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post #11 of 29 Old 08-27-2010, 10:37 AM
the hearter aint that horrible to look at but just not natural looking in the tank thats all =)

5x2x2 aro,highfin bat,fei feng,ST,albino tinfoil,c.perch
4x1.5x1.5 planted tetras,harlequins,
otto,WMM,2 types of celebes rainbows,rcs,amano, bamboo,red ramhorns,MTS
3.5x2.5x2 flowerhorn,pleco
3x1.5x1.5 russel's lion,blue cleaner,sixline and leopard wrasse,maroon clown pair,green chromis,scorpion,tiger cowrie,turbo,lyretail anthias,jewel,anemone,star polyp,marbled and giant green mushi,zoa
2x1x1 nano sw shrimps
22 May 2012
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post #12 of 29 Old 08-27-2010, 11:14 AM
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Inga, your tank looks great! As far as the heater goes, you can always do what many of us do. Tilt it horizontally instead of vertically, and push it down lower. My heaters sit about an inch up from the substrate, in the back of the tank. The plants hide it completely, and being horizontal disperses the heat more evenly than it does when the heater is vertical. Sweet looking tank!

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post #13 of 29 Old 08-27-2010, 04:16 PM Thread Starter
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Originally Posted by aunt kymmie View Post
Inga, your tank looks great! As far as the heater goes, you can always do what many of us do. Tilt it horizontally instead of vertically, and push it down lower. My heaters sit about an inch up from the substrate, in the back of the tank. The plants hide it completely, and being horizontal disperses the heat more evenly than it does when the heater is vertical. Sweet looking tank!

Yeah, I am thinking of doing that. I just wonder, how do you guys check it to make sure it is working then? I mean, other then checking the temps. I am thinking of that day when mine started making an odd noise and I looked back and saw it bubbling. If it was under the plants, I might not have been able to see it well enough before it exploded or something. Yup! I am a little paranoid after that incident. lol
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post #14 of 29 Old 08-28-2010, 12:42 PM
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It won't be under, just behind, the plants. Bubbles would be seen.

I check temp regularly. And I have two of the best systems for this. On my 90g I have an Eheim with a heating unit included, so there is a digital thermometer that sits on the top of the canister filter and gives the current temp; this is easy to see and read.

On the 115g I have two internal heaters, one at either end, and one of them is the Fluval model that has a LCD display showing the current temp of the water; a green background means it is within 1 degree either way of the set temp, blue means it is cooler than 1 degree, red that it is warmer than 1 degree. I really like this heater, by just glancing at the colour in the corner I can instantly know the temp is OK (or not as the case may be, as during the hot spells when it rises a bit).

On the other tanks, I have the floating thermometers stuck in a front corner with a suction cup; harder to read (with my old eyes anyway).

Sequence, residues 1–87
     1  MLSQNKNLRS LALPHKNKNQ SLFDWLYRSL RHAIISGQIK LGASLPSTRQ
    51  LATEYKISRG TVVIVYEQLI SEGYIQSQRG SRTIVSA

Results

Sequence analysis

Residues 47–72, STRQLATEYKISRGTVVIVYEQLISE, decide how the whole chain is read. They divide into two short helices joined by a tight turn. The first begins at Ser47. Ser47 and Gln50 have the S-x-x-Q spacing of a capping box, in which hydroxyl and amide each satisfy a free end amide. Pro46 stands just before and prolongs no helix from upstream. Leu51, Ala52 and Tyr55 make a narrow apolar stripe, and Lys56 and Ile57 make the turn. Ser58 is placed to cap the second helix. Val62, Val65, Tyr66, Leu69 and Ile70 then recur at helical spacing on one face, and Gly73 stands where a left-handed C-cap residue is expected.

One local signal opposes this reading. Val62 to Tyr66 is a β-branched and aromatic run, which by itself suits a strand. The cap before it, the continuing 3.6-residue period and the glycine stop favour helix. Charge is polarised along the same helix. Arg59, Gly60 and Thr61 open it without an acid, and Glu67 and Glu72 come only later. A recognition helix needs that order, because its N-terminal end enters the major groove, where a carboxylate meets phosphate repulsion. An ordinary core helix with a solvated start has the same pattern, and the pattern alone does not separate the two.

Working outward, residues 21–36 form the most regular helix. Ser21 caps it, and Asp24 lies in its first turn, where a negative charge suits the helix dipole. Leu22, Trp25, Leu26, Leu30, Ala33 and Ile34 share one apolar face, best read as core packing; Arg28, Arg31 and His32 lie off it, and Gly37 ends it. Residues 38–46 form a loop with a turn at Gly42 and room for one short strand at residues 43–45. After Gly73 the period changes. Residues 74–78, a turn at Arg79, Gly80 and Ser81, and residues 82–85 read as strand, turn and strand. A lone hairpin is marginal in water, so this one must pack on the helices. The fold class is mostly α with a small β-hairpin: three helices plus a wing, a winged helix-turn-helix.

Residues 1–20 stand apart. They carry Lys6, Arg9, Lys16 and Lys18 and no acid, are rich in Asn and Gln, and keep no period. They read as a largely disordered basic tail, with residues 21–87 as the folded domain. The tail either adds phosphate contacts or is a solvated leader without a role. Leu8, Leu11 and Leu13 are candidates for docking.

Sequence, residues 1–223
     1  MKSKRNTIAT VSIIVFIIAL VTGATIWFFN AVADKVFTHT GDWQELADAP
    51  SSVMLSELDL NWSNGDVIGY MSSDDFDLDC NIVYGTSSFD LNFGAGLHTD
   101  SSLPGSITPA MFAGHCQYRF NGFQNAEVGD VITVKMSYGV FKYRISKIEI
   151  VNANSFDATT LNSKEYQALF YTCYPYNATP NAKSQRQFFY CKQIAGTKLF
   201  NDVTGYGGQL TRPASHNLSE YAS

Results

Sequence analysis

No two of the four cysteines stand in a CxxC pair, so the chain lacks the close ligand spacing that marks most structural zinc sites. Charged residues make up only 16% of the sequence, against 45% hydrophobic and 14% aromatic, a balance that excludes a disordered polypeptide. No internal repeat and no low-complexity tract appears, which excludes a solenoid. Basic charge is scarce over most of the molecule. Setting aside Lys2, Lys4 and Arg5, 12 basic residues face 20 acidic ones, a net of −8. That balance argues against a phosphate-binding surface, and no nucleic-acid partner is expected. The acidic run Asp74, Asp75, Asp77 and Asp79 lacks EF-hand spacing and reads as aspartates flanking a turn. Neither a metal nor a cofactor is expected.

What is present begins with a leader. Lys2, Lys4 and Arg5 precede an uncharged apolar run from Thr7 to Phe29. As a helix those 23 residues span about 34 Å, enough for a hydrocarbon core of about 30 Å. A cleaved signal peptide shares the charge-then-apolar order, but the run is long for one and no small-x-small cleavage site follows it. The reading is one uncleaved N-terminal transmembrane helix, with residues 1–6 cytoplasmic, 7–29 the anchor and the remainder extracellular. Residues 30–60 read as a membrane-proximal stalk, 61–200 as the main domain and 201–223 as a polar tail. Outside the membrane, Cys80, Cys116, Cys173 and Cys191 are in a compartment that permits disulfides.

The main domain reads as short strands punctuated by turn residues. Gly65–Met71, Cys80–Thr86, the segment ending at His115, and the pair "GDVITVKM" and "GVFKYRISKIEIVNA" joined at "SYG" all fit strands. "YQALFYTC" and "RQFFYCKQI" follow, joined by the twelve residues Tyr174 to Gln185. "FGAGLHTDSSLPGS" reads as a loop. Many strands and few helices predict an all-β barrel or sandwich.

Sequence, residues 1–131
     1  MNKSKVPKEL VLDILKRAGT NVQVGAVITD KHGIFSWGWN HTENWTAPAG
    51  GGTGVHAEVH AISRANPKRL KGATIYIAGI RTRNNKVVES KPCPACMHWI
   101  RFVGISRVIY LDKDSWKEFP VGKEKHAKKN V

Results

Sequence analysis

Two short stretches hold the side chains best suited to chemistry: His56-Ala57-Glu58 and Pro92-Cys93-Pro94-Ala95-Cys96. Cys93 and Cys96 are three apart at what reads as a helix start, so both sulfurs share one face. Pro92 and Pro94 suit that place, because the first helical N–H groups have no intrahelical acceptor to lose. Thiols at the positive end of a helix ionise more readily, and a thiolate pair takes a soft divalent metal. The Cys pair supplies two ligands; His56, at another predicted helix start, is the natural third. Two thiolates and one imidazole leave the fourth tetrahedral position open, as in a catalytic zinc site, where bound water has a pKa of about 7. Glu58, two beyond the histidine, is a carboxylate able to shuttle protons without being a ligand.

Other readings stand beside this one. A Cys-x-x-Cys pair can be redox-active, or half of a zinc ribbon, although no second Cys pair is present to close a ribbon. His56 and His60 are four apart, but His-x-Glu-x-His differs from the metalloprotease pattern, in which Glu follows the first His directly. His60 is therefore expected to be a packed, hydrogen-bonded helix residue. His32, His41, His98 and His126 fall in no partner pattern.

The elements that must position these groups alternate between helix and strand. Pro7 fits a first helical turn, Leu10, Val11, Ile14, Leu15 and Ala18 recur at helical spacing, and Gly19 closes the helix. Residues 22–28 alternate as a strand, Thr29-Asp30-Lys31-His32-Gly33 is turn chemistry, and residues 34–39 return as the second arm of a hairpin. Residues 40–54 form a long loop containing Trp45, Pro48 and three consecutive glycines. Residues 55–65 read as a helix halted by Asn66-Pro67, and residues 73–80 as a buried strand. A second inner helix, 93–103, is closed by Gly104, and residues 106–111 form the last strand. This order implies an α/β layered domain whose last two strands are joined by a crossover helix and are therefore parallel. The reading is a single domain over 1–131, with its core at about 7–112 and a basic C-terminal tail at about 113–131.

Byron.

Byron Hosking, BMus, MA
Vancouver, BC, Canada

The aquarist is one who must learn the ways of the biologist, the chemist, and the veterinarian. [unknown source]

Something we all need to remember: The fish you've acquired was quite happy not being owned by you, minding its own business. If you’re going to take it under your wing then you’re responsible for it. Every aspect of its life is under your control, from water quality and temperature to swimming space. [Nathan Hill in PFK]
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post #15 of 29 Old 08-29-2010, 05:57 AM Thread Starter
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Originally Posted by Byron View Post

On the other tanks, I have the floating thermometers stuck in a front corner with a suction cup; harder to read (with my old eyes anyway).

Byron.
LOL Yeah, my old eyes are part of my problem with this as well. I did move my heater but it is not quite as low. It is still visible from behind the wood, If I look. It too has a top that shows either Green or Red depending on temp. A good visual for me to remember to check it. It is a lot less obvious now though and unless you are looking for it behind the wood and leaves, you wouldn't see it. Thanks for that hint. It does look much better.

I still think I need more plants though. I am thinking of getting rid of the Rotala as to me, it looks raggedy. I have planted a Sword behind it, and in front of the sponge filter. As that fills out, I will see how it looks, maybe the Rotala will go.

I have also been throwing around the idea of getting rid of the HOB filter altogether. Just having the sponge? What are your thoughts on that. Is that an acceptable idea for a 60 gallon tank, or do you think it needs both?
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post #16 of 29 Old 08-29-2010, 01:59 PM
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LOL Yeah, my old eyes are part of my problem with this as well. I did move my heater but it is not quite as low. It is still visible from behind the wood, If I look. It too has a top that shows either Green or Red depending on temp. A good visual for me to remember to check it. It is a lot less obvious now though and unless you are looking for it behind the wood and leaves, you wouldn't see it. Thanks for that hint. It does look much better.